Donald Trump is refusing to release his tax returns, repeating a pattern that Jonathan Chait of New York says goes back years. He first promises to do so, then finds some excuse to avoid it. His current reasoning is that there's "nothing to learn from them." Chait, though, argues that this issue could well be his Kryptonite, one that Hillary Clinton should exploit. "It might be the thin end of the wedge that opens up a powerful theme against the self-professed billionaire: that Trump is a total fraud." Trump claims to be worth about $10 billion, but business reporters have alleged that the real figure is far less, perhaps as low as $150 million. The reason it matters is that Trump's appeal revolves around his money and his purported business acumen.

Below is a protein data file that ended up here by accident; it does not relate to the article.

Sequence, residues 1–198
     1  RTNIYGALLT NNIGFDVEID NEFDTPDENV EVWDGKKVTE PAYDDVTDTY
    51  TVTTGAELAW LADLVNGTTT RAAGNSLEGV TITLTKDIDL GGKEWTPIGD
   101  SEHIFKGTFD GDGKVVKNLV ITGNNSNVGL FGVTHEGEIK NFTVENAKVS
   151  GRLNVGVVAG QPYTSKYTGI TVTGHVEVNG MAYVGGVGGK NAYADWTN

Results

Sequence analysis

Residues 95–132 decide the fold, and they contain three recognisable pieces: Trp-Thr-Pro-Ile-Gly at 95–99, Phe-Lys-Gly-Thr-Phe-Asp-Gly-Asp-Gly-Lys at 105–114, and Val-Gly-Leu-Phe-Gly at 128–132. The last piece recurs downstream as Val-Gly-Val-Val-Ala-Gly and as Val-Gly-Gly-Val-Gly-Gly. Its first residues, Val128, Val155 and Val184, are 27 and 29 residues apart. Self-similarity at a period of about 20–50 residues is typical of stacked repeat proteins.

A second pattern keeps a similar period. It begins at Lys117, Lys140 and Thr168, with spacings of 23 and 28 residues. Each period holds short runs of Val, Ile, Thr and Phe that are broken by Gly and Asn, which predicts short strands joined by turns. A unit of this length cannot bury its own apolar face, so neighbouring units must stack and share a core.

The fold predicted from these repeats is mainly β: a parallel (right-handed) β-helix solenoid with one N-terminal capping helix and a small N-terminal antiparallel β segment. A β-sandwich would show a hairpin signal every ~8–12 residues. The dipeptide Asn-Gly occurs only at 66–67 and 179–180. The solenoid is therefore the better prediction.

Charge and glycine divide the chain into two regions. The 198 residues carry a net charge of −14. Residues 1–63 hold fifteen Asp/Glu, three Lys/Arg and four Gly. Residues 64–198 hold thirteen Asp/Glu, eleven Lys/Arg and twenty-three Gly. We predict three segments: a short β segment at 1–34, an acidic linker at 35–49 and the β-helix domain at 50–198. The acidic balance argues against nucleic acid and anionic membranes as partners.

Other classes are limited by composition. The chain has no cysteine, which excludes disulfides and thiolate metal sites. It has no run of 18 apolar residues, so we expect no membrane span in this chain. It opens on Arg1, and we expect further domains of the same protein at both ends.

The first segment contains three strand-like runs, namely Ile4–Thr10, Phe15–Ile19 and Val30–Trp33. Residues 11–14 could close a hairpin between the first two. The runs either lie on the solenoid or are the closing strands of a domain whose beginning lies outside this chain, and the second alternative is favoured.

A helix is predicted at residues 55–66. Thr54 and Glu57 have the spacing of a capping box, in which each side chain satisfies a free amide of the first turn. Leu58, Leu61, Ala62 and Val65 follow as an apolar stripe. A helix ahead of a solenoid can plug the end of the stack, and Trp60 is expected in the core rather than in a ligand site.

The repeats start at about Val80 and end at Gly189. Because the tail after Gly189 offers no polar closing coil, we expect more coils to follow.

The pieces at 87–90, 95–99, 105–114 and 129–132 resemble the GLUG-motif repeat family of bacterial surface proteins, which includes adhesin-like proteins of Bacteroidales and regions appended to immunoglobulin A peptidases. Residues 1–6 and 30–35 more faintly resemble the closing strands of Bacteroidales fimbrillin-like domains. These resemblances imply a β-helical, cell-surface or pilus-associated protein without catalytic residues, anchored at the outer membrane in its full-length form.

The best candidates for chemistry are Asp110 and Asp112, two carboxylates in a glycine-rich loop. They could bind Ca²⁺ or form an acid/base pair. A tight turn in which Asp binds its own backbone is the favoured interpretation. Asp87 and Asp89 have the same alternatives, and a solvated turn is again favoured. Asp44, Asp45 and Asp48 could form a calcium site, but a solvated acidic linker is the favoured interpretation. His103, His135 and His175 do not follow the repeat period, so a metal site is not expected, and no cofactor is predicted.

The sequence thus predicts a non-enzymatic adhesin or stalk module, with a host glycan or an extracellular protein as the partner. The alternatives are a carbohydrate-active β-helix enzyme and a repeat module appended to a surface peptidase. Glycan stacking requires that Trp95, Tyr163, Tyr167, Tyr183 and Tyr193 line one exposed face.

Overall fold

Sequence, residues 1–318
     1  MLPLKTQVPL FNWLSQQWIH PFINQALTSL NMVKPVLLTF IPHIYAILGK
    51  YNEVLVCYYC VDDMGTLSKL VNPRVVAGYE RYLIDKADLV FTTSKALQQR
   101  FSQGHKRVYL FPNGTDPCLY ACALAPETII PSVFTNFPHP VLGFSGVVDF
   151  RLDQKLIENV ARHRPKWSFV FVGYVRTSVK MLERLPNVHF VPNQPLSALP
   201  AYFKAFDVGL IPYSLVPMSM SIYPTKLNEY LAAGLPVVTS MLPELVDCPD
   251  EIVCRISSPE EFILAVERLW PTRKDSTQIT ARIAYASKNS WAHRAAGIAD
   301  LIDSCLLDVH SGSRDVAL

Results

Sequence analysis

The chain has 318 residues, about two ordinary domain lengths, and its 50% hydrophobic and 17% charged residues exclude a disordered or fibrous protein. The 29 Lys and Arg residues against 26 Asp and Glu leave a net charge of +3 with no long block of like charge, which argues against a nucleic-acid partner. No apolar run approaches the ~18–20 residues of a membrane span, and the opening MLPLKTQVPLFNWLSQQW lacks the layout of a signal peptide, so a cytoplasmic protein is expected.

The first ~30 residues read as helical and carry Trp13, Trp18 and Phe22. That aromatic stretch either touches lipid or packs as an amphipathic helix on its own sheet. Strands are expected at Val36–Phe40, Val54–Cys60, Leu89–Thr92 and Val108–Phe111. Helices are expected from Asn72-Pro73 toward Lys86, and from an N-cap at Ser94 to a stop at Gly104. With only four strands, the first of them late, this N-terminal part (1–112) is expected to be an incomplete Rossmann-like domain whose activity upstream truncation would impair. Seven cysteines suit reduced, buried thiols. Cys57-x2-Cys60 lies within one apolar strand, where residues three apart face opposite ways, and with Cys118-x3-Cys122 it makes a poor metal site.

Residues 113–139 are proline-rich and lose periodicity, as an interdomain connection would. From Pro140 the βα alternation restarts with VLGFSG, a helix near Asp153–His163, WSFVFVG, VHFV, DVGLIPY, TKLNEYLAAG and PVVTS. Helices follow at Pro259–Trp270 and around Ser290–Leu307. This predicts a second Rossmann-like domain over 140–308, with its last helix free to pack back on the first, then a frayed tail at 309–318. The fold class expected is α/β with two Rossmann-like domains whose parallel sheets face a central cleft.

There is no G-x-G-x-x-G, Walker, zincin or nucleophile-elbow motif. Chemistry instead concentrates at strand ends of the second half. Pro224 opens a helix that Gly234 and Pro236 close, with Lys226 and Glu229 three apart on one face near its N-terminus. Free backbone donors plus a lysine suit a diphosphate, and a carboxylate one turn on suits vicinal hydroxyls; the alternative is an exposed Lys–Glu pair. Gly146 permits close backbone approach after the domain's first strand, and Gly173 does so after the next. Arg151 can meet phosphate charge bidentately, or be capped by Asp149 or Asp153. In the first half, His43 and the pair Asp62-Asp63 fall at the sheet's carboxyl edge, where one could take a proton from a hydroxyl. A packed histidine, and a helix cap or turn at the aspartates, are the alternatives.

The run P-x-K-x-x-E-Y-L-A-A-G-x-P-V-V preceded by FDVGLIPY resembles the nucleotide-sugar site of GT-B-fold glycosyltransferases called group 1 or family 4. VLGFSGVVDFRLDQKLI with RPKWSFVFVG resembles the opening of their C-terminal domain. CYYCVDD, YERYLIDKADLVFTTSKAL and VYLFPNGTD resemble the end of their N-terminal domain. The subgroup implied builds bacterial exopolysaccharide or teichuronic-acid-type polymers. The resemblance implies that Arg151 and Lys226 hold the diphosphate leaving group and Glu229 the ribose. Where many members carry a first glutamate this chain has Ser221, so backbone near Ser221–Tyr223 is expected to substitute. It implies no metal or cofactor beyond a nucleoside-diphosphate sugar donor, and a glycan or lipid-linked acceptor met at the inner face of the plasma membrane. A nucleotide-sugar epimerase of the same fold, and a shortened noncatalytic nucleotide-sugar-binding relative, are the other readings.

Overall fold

"The reality of Trump’s business career is that he is not so much a great businessman but somebody who has figured out how to make money by convincing people that he is one," writes Chait. He's even facing a trial over allegations that his Trump University was essentially a scam, a trial he's managed to have postponed until after the election. Clinton should hammer this "fraud" theme over and over, suggests Chait. Trump could easily deflect the issue by releasing his returns or moving up his trial date, but he won't. "Trump is a fraud—a charge he wants to deny on the basis of evidence he refuses to disclose—and he should bear the presumption of guilt." Click for the full column.